In the wake of the school massacre in Connecticut, there has been a renewed interest in increasing the restrictions on firearms in the USA. In a country where you can buy a gun before you are allowed to drink, this seems like it should be high on the list of the government’s priorities.
The main argument against gun control is the “Second Amendment”, a piece of the Constitution which says that any American has the right to own a gun. If this seems like a slightly antiquated piece of legislation, you would be right: it was added into the Constitution in 1791.
Now in 1791, there were probably numerous good regions to own a gun if you were an American. The frontier was a lawless place, the indigenous people were rebelling at the invasion of their lands and at any moment those pesky British might have returned.
None of these criteria are true today (although the strange popularity of the British Royal Family makes you wonder about the last one…). But the a large number of Americans still cling to the idea of their “rights” and a rejection of the government’s infringement of their “liberties”. (There is also the argument that having a gun makes you safer).
Rights: Europe vs. USA
The longer I live in the USA, the more I come to appreciate the different view of fundamental rights that exist on either side of the Atlantic. In the USA, the individual is key and the less government interference in their lifestyle, the better. In comparison, European countries put a higher value on other people’s rights. You have the right to live your life as you choose but the government will put laws into force to stop you negatively detrimenting the lives of others (at least, that is the hope).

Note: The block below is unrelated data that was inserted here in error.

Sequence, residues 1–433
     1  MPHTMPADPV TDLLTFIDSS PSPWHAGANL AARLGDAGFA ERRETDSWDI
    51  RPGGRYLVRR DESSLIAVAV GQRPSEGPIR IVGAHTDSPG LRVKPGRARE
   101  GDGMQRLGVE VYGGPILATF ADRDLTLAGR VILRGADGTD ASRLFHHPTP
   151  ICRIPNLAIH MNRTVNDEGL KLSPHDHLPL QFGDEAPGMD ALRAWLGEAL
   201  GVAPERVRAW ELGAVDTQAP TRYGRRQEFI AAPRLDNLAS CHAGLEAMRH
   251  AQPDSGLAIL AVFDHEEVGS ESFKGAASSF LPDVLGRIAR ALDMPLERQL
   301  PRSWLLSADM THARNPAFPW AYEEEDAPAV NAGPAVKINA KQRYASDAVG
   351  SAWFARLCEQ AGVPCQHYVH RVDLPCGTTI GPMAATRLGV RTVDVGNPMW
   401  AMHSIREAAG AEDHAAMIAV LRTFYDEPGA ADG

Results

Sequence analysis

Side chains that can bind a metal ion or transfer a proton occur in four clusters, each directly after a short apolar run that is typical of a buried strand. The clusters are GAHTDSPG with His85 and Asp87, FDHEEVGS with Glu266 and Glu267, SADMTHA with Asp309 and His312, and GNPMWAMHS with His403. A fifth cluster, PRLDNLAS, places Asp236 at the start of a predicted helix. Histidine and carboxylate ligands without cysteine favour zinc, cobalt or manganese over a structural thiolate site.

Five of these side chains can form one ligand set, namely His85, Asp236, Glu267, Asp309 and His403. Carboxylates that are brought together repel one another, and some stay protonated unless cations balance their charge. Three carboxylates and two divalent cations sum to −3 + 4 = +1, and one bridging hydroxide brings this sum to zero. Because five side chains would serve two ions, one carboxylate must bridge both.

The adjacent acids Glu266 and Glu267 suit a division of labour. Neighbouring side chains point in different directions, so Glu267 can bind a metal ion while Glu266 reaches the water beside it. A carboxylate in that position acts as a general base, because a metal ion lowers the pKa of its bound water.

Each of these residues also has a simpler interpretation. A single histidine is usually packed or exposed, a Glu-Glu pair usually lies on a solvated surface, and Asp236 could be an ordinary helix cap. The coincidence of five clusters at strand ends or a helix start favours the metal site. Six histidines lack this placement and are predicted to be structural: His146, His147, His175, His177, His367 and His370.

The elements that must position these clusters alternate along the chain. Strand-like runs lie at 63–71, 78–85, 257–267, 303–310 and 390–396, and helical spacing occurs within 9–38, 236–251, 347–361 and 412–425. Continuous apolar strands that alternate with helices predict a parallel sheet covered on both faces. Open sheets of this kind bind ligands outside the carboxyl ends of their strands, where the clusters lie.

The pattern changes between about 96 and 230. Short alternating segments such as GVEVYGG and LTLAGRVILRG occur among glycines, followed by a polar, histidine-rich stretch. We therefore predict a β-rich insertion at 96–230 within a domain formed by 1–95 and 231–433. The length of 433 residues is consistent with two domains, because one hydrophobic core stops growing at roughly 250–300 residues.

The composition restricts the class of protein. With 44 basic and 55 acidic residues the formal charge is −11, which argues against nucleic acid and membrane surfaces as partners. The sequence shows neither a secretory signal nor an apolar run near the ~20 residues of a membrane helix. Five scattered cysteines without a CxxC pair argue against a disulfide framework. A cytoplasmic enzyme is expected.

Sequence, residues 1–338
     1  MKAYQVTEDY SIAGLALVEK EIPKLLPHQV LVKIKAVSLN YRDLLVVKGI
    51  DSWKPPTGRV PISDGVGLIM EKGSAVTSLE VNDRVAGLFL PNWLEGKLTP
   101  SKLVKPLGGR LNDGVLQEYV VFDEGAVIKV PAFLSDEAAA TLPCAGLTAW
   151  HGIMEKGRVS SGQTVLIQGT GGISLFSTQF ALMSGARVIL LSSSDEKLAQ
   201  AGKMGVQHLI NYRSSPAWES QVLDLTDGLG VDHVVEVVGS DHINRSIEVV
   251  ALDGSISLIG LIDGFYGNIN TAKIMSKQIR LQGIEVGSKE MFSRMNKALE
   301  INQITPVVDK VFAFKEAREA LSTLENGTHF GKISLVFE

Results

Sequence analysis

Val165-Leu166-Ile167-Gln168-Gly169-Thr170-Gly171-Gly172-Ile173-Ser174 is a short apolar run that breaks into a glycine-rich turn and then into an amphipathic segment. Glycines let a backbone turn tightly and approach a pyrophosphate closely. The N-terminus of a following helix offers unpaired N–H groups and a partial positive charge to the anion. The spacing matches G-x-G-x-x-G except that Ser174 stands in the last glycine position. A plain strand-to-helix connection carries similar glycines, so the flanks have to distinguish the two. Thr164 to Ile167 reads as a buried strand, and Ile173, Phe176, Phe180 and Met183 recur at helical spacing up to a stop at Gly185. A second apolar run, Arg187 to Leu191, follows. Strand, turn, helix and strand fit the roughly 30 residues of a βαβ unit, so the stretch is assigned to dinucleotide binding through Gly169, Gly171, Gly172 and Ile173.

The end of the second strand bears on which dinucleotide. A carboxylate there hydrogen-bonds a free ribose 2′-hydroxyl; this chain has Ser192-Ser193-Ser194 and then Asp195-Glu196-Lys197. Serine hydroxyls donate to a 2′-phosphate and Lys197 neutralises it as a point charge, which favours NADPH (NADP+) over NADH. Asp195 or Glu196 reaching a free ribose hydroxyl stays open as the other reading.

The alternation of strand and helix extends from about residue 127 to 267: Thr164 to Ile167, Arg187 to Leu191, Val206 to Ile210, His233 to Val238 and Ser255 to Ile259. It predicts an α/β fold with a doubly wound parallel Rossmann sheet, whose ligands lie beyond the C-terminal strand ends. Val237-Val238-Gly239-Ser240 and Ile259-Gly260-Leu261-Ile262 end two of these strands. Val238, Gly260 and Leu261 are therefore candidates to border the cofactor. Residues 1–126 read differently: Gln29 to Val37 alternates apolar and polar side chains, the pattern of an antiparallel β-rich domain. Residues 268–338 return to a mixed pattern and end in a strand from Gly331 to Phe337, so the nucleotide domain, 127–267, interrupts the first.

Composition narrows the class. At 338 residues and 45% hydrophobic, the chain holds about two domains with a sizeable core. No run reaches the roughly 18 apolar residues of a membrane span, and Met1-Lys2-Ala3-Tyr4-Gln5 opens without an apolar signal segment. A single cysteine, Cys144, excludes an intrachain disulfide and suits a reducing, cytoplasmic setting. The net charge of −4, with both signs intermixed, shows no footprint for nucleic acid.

In the UK, a very similar school massacre happened in Dunblane, Scotland in the 1990s. Gun laws came into force that made it almost impossible to acquire a gun.
A UK farmer was jailed a few years ago for shooting a burglar. In the USA, it is positively encouraged to shoot intruders (ok, I exaggerate, but not much).
Could the USA do with a similar attitude? Does the right to life of innocent children trump the right of the ordinary adult to bear arms?
This question raises the issue discussed by Doug Muder in his Distress of the Privileged post: does the distress of the privileged (the gun owners) trump the distress of the the underprivileged (the victims)? Given that many of the most recent victims can no longer give us their opinions on this question, the answer would seem to be NO.
In any event, guns are unlikely to disappear from American culture anytime soon given that a majority of Americans still favor the Second Amendment. People who responsibly enjoy guns as a hobby could still do so even with tighter laws.
As for anybody who would be disqualified: did you really want a psycopath/criminal appearing on your doorstep with a loaded assault rifle tomorrow?